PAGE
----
As crucial WTO talks on trade liberalization get underway in Mexico next week, the EU has stressed that reaching agreement on dismantling trade barriers is its top priority. But critics remain skeptical.
Citrus riot - an activist protests against the EU food subsidy program outside the European Commission.
Delegates from the 146-nation World Trade Organization (WTO) will be meeting in Cancun, Mexico on September 10 to get crucial trade talks back on track after they have been bogged down by simmering disagreements on key issues such as agricultural subsidies and farm reform.
It’s expected to be an acrimonious round, with trade ministers facing a daunting task of securing a deal after a string of delays and missed deadlines. The foot-dragging of the industrialized world on agriculture has also provoked the ire of non-governmental organizations over broken and failed promises on lowering trade barriers in a sector of key importance to developing countries.
Global economy at risk
Ahead of the summit, the EU has stressed the importance of delegates making headway on trade talks launched at the WTO in November 2001 in the Qatari capital of Doha and concluding the discussion on time to meet the end of 2004 deadline.
EU Trade Commissioner Pascal Lamy told reporters at a joint press conference with agriculture commissioner Franz Fischler on Thursday, "A bad result in Cancun would be bad news for the world economy."
But the going is not likely to be easy. The Cancun round is expected to deal fundamentally with eliminating trade barriers such as tariffs and subventions. The World Bank reckons that if rich countries lower tariffs on their agricultural products by ten percent and developing countries by 15 percent, then worldwide extra goods totalling between $190 to 520 billion could be sold -- a fact, which all, but particularly poor countries, could profit from.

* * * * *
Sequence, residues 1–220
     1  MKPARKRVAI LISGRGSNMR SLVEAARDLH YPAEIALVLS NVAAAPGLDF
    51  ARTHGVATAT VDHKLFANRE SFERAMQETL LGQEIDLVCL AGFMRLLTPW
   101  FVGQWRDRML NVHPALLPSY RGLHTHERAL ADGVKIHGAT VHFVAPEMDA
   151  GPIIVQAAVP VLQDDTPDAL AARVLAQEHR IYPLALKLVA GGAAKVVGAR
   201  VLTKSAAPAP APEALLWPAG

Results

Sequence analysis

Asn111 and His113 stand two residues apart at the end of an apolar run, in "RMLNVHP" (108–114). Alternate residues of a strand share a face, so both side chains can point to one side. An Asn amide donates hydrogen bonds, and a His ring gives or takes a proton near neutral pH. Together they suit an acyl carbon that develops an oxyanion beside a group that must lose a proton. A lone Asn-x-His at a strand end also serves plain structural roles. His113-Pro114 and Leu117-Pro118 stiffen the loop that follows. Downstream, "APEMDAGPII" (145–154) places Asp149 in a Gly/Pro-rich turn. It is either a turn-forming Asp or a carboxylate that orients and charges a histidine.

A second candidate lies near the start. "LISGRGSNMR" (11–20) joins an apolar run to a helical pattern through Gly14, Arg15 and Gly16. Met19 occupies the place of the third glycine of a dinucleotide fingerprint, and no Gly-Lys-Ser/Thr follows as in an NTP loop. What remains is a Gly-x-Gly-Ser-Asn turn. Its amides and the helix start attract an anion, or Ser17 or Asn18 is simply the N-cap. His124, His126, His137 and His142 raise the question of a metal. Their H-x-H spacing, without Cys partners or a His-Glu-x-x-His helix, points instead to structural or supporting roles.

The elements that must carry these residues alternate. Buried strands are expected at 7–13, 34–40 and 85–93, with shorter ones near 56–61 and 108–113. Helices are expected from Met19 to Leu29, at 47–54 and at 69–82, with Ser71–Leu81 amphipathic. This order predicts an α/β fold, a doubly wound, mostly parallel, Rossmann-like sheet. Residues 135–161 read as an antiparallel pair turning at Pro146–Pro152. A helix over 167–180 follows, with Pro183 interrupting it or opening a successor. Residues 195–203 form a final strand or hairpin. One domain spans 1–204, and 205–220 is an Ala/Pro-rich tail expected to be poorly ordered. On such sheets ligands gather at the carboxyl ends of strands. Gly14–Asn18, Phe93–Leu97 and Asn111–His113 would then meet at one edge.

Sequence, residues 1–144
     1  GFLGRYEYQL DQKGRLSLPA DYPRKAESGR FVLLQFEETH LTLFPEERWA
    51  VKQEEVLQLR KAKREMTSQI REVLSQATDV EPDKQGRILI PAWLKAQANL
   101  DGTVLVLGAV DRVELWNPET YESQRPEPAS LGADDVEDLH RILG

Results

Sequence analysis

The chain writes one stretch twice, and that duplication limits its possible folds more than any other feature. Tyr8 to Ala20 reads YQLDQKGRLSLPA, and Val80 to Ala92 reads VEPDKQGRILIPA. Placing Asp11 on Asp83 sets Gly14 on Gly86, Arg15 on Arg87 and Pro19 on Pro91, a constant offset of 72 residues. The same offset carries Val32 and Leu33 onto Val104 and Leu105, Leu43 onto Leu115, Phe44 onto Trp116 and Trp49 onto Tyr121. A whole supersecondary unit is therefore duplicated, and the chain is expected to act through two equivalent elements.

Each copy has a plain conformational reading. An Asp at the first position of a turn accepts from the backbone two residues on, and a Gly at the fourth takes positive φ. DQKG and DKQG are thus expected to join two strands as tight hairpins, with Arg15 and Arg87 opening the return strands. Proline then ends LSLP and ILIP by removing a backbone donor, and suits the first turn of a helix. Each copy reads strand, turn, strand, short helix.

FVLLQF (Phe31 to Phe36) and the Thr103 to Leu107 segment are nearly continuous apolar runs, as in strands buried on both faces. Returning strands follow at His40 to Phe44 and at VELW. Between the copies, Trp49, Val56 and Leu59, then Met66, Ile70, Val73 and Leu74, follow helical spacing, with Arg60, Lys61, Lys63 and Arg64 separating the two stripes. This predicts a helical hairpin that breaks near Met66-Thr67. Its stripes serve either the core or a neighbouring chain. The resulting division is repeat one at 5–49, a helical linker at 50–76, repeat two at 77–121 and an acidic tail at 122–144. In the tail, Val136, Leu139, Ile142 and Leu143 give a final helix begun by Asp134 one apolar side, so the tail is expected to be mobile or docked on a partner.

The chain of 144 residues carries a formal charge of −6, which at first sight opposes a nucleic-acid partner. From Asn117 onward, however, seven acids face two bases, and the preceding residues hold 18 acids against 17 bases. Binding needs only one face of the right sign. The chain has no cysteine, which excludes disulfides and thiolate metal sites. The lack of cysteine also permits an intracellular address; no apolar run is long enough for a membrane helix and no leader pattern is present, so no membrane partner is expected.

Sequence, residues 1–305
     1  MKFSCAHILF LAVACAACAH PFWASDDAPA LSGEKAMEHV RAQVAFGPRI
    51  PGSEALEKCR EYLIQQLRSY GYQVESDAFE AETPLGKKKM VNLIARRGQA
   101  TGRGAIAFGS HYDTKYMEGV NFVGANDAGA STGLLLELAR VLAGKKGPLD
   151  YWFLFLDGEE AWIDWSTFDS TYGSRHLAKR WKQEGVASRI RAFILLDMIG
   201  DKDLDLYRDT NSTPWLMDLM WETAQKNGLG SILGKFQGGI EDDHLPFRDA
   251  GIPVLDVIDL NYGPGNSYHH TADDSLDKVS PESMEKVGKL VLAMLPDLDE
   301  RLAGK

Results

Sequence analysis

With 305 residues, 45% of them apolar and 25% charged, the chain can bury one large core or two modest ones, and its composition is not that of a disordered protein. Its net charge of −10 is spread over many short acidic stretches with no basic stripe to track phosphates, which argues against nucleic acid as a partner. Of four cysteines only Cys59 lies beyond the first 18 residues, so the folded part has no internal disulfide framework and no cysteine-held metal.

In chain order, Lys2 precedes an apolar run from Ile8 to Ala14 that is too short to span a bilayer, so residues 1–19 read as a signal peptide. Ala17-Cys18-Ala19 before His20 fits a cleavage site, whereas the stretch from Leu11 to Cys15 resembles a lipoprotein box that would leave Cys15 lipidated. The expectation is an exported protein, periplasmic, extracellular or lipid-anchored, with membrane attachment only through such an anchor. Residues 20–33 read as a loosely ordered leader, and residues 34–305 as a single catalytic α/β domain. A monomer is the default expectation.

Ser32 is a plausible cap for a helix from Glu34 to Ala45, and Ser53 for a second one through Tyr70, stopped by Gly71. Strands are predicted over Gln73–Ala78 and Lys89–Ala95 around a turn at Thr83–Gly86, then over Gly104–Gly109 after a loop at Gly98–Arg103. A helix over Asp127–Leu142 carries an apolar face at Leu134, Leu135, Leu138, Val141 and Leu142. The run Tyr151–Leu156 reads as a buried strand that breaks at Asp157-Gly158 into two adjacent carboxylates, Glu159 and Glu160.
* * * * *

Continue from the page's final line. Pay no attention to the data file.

EU: A better deal for developing nations
But easy as it sounds in theory, most countries remain reluctant to part from their comfortable subsidy system fearing a backlash in the form of local job losses and disgruntled interest groups at home.
EU Agriculture Minister Fischler, said this week that the EU was very flexible and that no other industrial nation such as the United States or Japan opened its doors for developing nations as much as the European Union did. Fischler, who together with Lamy, will head talks for the EU’s member states in Cancun, added that developing nations too needed to do their bit and dismantle trade barriers, not just towards the industrial world, but also towards each other.
Pointing towards a framework agreement reached with the U.S. last month, Fischler said the EU’s position centered on giving developing countries a better deal. "In our joint initiative with the U.S., a special safeguard is envisaged for developing countries to protect sensitive products from excessive imports. We also propose lower tariff cuts and longer implementation periods for these countries."
Fischler, however, dimissed the complete elimination of agricultural exports subsidies, a step sought by developing countries such as India and Brazil. "When I see the extreme proposal co-sponsored by Brazil, India and some others, I cannot help get the impression that they are circling on a different orbit." Fischler added, "If they choose to continue with their space odyssey, they will not get the stars, they will not get the moon, they will simply end up with empty hands."
"A travesty of the development round"
However, the EU’s allegedly pro-poor stance has failed to convince many critics, who point out that the huge level of spending on farmers in Europe and the United States, the world’s biggest subsidizers, distorts trade by allowing the trade heavyweights to export at prices well below world market levels.
"This is a travesty of the development round. The two big subsidy powers are allowed to keep much of their huge subsidy arsenal in place and continue export dumping," Celine Charveriat of Oxfam told Reuters.
According to pressure group, Actionaid, the U.S. has been selling cotton on the world market at between 20 to 25 percent of the cost of production over the last ten years and EU wheat had recently been off-loaded at 30 to 35 percent of the price it cost the farmer to produce. "Dumping can have a devastating impact on developing country farmers, depriving them of their livelihoods and forcing them to leave their lands," Actionaid said recently.
A new report by U.S. think-tank the International Food Policy Research Institute said that protectionism and subsidies by industrialized nations cost developing countries about $24 billion annually in lost agricultural income. The report in particular points towards the EU as the biggest culprit of "trade-distorting measures" that displace agricultural exports from developing countries.